Consumer interest in immunity is here to stay

Consumer interest in immunity is here to stay

ARNHEM, THE NETHERLANDS — A quarter of consumers globally have become more concerned about their immune health since before the COVID-19 pandemic, according to research from Innova Market Insights.

The most significant increase was among millennials and younger Gen X ages 36 to 45 years old. Higher levels of concern among those age groups may indicate the potential for longer-term consumer interest, according to Innova.

“Alongside these rising concerns, consumers are taking a more holistic approach, with getting enough sleep, being physically and mentally healthy and eating the right things ranking highly as ways of achieving immune health,” said Lu Ann Williams, global insights director at Innova Market Insights.

In Innova’s 2020 consumer survey, consumers cited choosing foods that are naturally high in nutrients as one of the top means of achieving immune health, behind getting enough sleep and being physically healthy. Overall, nearly 60% of global consumers said they were looking for food and beverages to help them in this regard.

“Consumers are taking a more holistic approach, with getting enough sleep, being physically and mentally healthy and eating the right things ranking highly as ways of achieving immune health.” — Lu Ann Williams, Innova Market Insights

Immune health claims already were trending upwards before COVID-19, particularly in Europe and North America, according to Innova. It was one of the fastest-growing health claims in food and beverage in terms of the number of new product launches between 2016 and 2020.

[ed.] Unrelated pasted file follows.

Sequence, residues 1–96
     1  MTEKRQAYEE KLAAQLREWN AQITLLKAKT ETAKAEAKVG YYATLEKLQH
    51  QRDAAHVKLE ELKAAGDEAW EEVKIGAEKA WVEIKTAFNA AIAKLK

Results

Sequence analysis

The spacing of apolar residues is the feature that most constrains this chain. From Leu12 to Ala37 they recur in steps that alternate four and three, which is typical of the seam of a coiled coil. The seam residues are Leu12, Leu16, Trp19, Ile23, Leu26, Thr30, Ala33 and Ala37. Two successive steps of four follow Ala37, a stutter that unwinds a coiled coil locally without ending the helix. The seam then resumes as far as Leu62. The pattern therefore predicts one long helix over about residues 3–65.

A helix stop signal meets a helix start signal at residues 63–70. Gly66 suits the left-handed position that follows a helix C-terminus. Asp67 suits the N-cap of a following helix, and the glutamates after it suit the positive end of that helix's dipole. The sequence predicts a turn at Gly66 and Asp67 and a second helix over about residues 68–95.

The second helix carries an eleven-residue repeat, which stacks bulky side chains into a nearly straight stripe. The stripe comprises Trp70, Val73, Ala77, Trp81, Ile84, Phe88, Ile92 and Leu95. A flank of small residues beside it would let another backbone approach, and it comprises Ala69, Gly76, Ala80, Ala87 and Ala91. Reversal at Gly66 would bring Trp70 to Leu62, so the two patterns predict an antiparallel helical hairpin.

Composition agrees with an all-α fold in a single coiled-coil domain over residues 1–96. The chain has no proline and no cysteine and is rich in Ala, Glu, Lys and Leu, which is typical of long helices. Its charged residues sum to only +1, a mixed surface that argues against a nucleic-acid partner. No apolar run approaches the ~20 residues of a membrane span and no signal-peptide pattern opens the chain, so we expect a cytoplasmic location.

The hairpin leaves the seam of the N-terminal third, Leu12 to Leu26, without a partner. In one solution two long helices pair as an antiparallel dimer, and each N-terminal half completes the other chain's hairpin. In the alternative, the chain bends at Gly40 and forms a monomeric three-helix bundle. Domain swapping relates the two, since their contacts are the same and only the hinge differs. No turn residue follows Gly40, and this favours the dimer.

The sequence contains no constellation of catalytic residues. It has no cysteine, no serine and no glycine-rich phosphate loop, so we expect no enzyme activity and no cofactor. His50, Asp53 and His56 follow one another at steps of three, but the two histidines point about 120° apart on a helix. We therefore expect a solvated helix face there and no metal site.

Excluding supplements, immune support claims currently are focused on three food and drink categories, including dairy products such as yogurts and fermented beverages, sports nutrition products and baby and toddler products, according to Innova. These three categories accounted for a combined 73% of immune claims on new products in 2020. Smaller but growing categories include soft drinks and hot beverages and specifically juice drinks and teas.

With more consumers incorporating mental and emotional well-being into their definition of health, opportunities may exist for food and beverage marketers to combine immunity ingredients with other “feel good” claims, such as mood, emotional well-being, relaxation and sleep.

“Immunity may become less top of mind as the immediate threat of the current pandemic subsides,” Ms. Williams said. “But if products are easy to integrate into daily lives and have established benefits, they are likely to continue to be sought after as part of the ongoing move to healthier lifestyles and the more proactive and holistic approach to health.”